#1) Milwaukee Bucks and Los Angeles Lakers:
Before the season, in two separate trades, the Lakers acquired Steve Nash (PG) and Dwight Howard (C) for Andrew Bynum (C) and what feels like 25 first round draft picks.  Nash started the season hurt while Howard is still playing his way into shape following back surgery during the off-season. Just when the Lakers thought the 2012-13 NBA season couldn't get any crazier, they lost Pau Gasol for six to eight weeks with a torn plantar fascia in his right foot.  Although I feel bad for Gasol personally, I am happy he got hurt for two reasons.  One, I eyed a Gasol trade for the Bucks that originally included Dalembert, Ilyasova and Sanders to get Gasol because I thought that was the only way they could get a Top 20 NBA player like Gasol.  As crazy as it sounds, whether Gasol got hurt or not, Sanders should never have been included in any offer based on the breakout season he is putting together that might result in him winning the NBA's most improved player award.  Two, Gasol needs a change of scenery after playing with Kobe for so long, especially following such a brutal injury.
Ultimately I landed on a trade that involved some extra expiring contracts that could actually help the Lakers this years since they've been decimated by injuries.  As crazy as it sounds, the Lakers might end up on the better end of this deal while giving up Gasol and former Buck Jodie Meeks (SG) because much like Kobe did with Shaq, it looks like Kobe finally wore out Gasol.  This trade allows the Lakers to take Gasol's $19 million salary for next season off the books while only adding back Illyasova's $8 million salary for next season since the rest of the players they would acquire are on expiring contracts.  That gives the Lakers the financial wiggle room to re-sign Howard so they can move forward with a core of Kobe, Howard, Nash, and Illyasova.  May be this is just my reverence for Bill Simmons but I keep thinking back to how well Gasol played in the gold medal game for Spain against the United States.  Although Spain didn't win, Gasol did everything humanly possible to beat the United States.  Putting Gasol on a team without Kobe is an immediate win for him.  Add in that Milwaukee is a small market where the media spot light won't shine so bright and I see Gasol going on a tear once he is healthy.  Even if Gasol has to sit out the rest of the season injured, this trade allows the Bucks to build around a core of Gasol, Jennings, and Sanders.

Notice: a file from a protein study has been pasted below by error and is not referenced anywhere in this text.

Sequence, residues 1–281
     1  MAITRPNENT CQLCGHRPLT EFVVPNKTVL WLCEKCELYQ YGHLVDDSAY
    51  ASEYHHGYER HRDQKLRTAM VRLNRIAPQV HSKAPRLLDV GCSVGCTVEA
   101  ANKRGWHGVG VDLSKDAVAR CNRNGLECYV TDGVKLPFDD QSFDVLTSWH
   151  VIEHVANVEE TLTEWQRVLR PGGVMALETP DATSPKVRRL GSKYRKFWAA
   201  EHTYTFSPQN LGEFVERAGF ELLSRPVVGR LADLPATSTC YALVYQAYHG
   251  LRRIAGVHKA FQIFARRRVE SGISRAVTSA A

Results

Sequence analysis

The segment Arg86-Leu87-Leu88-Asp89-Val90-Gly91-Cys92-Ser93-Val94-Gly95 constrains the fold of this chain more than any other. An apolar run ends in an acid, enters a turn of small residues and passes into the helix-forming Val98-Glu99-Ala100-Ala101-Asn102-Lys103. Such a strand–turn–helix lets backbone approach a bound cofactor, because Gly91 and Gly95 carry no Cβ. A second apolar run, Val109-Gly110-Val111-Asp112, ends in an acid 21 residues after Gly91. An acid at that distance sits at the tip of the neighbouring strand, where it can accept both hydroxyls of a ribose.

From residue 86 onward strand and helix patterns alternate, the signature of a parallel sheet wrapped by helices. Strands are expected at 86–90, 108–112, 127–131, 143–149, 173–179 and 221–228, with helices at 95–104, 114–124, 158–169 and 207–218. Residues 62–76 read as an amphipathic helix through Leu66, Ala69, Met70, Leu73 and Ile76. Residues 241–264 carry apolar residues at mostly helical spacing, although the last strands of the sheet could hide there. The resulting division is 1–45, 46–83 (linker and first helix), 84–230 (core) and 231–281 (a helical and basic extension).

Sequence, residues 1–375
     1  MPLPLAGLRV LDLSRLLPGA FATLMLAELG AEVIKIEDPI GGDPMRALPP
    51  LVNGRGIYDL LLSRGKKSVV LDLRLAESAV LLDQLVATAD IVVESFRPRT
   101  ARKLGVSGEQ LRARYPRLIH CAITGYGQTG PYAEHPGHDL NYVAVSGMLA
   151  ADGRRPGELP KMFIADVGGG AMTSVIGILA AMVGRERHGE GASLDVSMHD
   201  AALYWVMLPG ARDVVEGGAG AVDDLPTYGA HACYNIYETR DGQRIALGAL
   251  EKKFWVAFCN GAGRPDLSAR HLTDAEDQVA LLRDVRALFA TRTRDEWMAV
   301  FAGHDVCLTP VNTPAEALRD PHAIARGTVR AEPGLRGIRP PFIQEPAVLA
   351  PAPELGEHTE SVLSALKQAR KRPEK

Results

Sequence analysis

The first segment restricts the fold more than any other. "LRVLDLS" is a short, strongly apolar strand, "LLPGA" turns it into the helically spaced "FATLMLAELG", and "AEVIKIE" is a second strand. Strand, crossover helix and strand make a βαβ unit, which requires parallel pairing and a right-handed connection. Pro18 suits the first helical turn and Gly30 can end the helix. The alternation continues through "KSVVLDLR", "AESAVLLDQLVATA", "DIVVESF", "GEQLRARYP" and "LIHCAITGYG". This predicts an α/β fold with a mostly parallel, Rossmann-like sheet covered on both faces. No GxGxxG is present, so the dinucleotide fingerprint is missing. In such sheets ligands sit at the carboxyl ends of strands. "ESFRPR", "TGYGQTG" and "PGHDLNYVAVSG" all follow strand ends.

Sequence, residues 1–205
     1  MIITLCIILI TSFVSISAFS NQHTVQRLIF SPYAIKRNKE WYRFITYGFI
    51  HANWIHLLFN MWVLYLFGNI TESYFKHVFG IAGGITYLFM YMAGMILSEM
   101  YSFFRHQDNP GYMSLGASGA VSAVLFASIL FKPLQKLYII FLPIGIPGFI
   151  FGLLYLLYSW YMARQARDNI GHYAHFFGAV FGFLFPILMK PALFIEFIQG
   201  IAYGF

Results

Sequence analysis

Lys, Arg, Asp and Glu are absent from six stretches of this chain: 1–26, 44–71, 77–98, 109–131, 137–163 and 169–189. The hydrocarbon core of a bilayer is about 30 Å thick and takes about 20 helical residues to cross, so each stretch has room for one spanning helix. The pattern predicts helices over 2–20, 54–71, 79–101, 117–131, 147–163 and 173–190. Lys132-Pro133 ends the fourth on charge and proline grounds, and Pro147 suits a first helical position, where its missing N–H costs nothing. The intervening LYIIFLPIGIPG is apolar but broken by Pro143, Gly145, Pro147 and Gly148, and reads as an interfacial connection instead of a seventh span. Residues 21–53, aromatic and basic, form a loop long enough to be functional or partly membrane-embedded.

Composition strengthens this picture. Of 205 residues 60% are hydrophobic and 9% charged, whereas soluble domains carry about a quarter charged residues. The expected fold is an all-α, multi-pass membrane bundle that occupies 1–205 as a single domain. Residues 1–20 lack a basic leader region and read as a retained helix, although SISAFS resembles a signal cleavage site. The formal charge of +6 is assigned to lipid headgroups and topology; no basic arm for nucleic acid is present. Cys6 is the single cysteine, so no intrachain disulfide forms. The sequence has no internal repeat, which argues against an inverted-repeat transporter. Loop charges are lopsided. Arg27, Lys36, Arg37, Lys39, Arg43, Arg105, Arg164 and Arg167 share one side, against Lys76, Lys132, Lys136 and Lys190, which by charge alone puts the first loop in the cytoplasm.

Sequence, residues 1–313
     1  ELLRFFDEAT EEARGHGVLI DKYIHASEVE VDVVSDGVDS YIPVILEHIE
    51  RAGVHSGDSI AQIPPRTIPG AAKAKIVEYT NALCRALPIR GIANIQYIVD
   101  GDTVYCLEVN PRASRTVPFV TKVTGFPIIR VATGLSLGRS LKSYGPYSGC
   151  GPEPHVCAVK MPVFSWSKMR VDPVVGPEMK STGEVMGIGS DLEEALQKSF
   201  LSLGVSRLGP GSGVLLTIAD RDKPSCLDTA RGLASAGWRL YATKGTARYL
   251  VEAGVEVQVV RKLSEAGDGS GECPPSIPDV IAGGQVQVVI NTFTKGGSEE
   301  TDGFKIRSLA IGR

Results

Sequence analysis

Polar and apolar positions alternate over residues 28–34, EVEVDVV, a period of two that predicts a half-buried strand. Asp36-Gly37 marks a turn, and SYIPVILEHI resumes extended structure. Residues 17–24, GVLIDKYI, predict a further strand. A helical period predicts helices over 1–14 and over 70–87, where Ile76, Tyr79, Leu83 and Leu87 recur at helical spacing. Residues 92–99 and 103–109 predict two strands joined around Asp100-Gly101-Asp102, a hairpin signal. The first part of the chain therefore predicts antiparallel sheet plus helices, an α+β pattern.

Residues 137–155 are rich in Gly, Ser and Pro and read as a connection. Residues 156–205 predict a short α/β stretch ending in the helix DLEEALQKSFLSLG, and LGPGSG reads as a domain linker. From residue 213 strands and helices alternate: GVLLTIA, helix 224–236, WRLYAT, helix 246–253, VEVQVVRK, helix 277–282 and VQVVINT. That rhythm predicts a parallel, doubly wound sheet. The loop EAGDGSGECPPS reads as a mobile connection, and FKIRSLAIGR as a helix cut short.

I would be shocked if the Bucks made any of the aforementioned trades but stay tuned if the Bucks make any moves because I will have a full breakdown.  Finally, I am going to the Hockey City Classic at Soldier Field with Dre, Nick, Sug, and Tessa so check back Sunday for my extended thoughts on seeing Notre Dame v. Miami of Ohio and Wisconsin v. Minnesota.